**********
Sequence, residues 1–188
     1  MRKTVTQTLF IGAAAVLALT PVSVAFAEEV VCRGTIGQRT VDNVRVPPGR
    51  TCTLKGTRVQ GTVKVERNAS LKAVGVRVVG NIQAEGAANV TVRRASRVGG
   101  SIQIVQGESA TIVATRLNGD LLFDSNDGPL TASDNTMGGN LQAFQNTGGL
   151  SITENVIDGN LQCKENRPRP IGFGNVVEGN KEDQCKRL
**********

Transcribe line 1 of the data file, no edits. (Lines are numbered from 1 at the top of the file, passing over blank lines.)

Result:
Sequence, residues 1–188